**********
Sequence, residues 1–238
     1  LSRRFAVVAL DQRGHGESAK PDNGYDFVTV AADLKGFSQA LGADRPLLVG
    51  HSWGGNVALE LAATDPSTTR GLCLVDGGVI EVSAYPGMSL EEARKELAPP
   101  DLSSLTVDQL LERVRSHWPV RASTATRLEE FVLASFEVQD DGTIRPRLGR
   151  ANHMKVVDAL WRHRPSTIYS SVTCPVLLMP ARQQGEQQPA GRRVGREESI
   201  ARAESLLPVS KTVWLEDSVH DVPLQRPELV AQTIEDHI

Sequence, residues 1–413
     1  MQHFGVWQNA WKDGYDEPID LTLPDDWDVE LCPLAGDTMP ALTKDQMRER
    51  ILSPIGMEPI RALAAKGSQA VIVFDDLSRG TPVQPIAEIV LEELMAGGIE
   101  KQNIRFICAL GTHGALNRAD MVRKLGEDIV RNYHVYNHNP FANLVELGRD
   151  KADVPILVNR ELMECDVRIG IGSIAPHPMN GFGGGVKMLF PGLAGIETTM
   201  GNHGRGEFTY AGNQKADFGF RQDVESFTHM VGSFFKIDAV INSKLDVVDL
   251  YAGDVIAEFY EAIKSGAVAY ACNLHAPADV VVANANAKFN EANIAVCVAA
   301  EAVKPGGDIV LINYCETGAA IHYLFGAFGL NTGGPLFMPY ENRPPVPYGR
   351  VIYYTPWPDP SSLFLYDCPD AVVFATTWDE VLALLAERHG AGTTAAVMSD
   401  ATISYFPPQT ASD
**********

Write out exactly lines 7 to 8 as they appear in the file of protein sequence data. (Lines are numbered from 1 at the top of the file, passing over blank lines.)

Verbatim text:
Sequence, residues 1–413
     1  MQHFGVWQNA WKDGYDEPID LTLPDDWDVE LCPLAGDTMP ALTKDQMRER